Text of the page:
GOTY #4: Super Smash Bros. Ultimate

DISCLAIMER: I have not completed all of Super Smash Bros. Ultimate, and it currently sits at this position due to its regular Smash mode.

GOTY #4- Super Smash Bros. Ultimate. Super Smash Bros. Melee was my first fighting game, and one of the first games I ever played. I loved seeing my favorite Nintendo characters battling each other and spectacular stages. The number of hours I played Melee with my brother is beyond comprehension, and every hour was amazing. Since then, Smash Bros. has been changing, adding characters, and taking beloved characters away. Suddenly Mewtwo and Roy were hidden behind paywalls, a disappointing flaw that most fighting games make at some point. Super Smash Bros. Ultimate righted the wrongs of previous games in the series and brought everyone back in one place and adding great characters like King K. Rool and Ridley to the game. Super Smash Bros. Ultimate is a love letter to Smash fans, telling them that their hopes for the series have been heard, and that is why Super Smash Bros. Ultimate is special.

This year, Soul Calibur VI made Tira downloadable content. Tira was a main of many Soul Calibur players, and suddenly they had to pay more money to play their favorite character, who has been in the series since Soul Calibur III. This was a letdown to Tira players and a warning to Soul Calibur fans that their favorite characters may be DLC in the future.

Then there are series like Dragon Ball Z, where the amount of characters changes rapidly, as Dragon Ball Z Budokai Tenkaichi 3 had a whopping 98 characters, and 161 forms, while Ultimate Tenkaichi has just over 40. Tekken has always had a problem with disappearing characters, and Anna Williams, who has been in the series since the very first Tekken, was only brought to Tekken 7 through DLC. Fighting games, which have a large presence in the competitive gaming community, fail to please every player by taking away fan-favorites in exchange for new characters with new movesets that players will have to learn to master.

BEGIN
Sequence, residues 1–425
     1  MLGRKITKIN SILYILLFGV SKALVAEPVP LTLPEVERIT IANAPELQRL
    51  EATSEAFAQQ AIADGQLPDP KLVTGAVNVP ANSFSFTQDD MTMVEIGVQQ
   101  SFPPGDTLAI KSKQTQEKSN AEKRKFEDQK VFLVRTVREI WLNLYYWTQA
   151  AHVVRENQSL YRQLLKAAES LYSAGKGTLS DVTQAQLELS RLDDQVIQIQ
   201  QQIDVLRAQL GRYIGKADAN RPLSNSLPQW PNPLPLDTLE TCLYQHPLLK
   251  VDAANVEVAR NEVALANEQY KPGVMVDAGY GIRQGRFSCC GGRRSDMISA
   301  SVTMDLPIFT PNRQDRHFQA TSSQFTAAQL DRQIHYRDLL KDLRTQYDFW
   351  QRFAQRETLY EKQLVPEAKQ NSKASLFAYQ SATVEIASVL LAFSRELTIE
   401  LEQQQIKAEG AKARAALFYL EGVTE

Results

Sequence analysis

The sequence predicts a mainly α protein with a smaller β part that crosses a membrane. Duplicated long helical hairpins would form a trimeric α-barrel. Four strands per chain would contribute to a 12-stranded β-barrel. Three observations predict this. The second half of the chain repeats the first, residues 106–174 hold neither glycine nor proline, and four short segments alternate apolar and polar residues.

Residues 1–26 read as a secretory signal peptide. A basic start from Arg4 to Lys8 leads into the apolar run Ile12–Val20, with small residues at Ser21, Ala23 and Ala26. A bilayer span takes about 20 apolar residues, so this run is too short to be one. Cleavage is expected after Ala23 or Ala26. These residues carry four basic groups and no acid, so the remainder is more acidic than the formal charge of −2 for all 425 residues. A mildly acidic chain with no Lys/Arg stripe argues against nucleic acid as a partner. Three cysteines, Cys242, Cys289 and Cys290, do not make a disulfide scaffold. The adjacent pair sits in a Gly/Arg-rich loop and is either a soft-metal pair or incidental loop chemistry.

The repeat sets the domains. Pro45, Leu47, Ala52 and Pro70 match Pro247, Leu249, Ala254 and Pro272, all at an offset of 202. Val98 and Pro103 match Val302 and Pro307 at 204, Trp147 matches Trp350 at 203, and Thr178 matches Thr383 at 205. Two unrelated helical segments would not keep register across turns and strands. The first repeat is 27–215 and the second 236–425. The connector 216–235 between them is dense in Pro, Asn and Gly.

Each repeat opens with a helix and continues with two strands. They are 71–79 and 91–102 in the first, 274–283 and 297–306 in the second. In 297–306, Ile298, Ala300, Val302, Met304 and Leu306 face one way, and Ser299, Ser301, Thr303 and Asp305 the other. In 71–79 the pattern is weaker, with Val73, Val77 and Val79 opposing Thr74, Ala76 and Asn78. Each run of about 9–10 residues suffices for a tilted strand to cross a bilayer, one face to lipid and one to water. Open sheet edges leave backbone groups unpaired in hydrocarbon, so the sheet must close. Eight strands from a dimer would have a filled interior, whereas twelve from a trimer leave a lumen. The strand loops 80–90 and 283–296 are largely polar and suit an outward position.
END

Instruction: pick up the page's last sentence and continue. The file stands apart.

This is why Super Smash Bros. Ultimate is one of the best games this year, and already one of my favorite games of all time. It is a game for all Smash fans, as well as beginners. All of the characters are back, and most of the stages are, too. The soundtrack has over 850+ tracks full of astounding music from Nintendo’s newest games, to their amazing classics. Listening to the DK Rap while battling each other at Kongo Falls brings back memories of playing Melee for hours and living at a time where I had only a small amount of games to play.

Super Smash Bros. Ultimate took everything I loved about the history of Super Smash Bros. and put it all in one place. It did what so many fighting series absolutely fail to do; it kept everything normal and made everyone happy. I don’t need a bunch of new fighters if old ones have to perish, and I don’t want new stages if others crumble. I wanted Super Smash Bros. Ultimate to be the game I loved as much as Melee, and so far it is. Bad business practices of making players pay more for content previously included in the series are non-existent, and Ultimate’s DLCs consist of new characters such as Joker from Persona 5, and I am completely alright with that. Super Smash Bros. Ultimate is my favorite fighting game this year, and it quickly surpassed Melee to become my favorite fighting game of all time.

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